Round 2-7a: Training and Health Service Assistance to Communities
EPA and the U.S. Public Health Service (PHS) established the Medical Assistance Plan (MAP) to respond to the health concerns of under-served citizens living near hazardous waste sites. The primary goals of this initiative are to:
- Improve delivery of existing medical services to communities with potential exposures to hazardous substances.
- Build environmental health expertise in communities through physician training and placement.
The second phase, according to the community's need for assistance and the availability of budget and personnel services, provided:
- Physician training and placement;
- Medical testing to assess health affects related to hazardous substance exposure;
- Technical assistance to local agencies and health care providers;
- Environmental health education to health care providers;
- Referral services to assist individuals in locating medical specialty clinics or specialists; and
- Medical follow-up for individuals who demonstrate documented exposure to hazardous substances or adverse health conditions related to possible exposures.
Implementation of this reform is complete.
EPA phased out the Medical Assistance Plan project.
In the summer of 1994, EPA requested assistance from PHS to respond to health concerns of communities near hazardous waste sites. In response to this request, the Superfund Medical Assistance Work Group (SMAWG) was established to develop the Medical Assistance Plan (MAP).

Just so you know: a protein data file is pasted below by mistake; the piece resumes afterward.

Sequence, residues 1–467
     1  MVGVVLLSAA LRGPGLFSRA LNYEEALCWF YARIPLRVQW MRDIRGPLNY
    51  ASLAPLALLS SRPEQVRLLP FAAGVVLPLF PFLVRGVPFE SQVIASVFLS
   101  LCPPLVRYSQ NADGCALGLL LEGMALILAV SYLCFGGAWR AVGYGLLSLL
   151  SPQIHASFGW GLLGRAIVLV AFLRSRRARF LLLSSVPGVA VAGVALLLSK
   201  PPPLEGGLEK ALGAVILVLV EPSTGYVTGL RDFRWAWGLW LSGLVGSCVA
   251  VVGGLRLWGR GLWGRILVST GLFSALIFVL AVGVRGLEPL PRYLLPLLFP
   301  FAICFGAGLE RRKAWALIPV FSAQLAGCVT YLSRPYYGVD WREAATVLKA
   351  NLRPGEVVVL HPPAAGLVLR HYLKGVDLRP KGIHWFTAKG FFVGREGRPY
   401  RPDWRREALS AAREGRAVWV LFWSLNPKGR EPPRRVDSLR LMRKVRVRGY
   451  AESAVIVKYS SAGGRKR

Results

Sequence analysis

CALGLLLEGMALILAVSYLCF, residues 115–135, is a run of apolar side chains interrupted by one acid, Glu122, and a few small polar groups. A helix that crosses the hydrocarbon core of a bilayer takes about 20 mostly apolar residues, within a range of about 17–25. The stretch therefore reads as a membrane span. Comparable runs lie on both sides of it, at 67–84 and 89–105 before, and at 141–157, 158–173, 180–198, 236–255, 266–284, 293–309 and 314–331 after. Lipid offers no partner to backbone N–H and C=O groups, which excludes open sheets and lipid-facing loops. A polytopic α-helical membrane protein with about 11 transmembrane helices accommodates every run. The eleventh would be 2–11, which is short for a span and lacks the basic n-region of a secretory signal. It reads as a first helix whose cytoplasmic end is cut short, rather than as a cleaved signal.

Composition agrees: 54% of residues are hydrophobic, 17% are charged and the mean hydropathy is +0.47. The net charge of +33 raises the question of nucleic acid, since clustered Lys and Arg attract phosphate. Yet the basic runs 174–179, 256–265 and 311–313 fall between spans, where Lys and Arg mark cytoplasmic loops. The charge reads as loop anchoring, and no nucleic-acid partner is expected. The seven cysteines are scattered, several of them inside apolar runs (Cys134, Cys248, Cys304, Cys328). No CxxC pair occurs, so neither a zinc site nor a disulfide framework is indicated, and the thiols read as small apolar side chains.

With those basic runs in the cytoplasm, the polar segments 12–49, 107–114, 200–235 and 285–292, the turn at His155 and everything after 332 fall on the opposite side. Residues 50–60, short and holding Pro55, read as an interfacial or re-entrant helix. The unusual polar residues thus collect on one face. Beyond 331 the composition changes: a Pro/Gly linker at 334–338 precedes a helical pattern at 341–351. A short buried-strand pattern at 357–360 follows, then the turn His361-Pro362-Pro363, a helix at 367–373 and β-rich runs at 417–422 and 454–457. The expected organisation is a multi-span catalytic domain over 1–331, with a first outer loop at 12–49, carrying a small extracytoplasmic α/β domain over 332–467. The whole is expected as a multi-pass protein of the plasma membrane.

SMAWG has outlined three phases of the MAP. Four sites have been targeted for program testing, and EPA designated $400,000 for MAP implementation at the Del Amo/Montrose site in Torrence, California (see Success Stories below).
EPA phased out the Medical Assistance Plan project. The Agency for Toxic Substances and Disease Registry provides ongoing support to communities through referrals to the national network of Association of Occupational and Health Clinics and by providing physician education, training, and support related to health impacts from environmental exposures.
Del Amo and Montrose Sites, Los Angeles, CA
In FY95, EPA obligated $400,000 in project funding at the Del Amo and Montrose sites in Los Angeles, California (see the site fact sheet and/or the Region 9 site overview).
EPA Region 9 and the Agency for Toxic Substances and Disease Registry worked closely with clinic physicians to determine the need for environmental sampling to respond to clinic results.
Some residents were temporarily relocated by EPA, and have now been permanently relocated by Del Amo PRPs. [FY97 Success]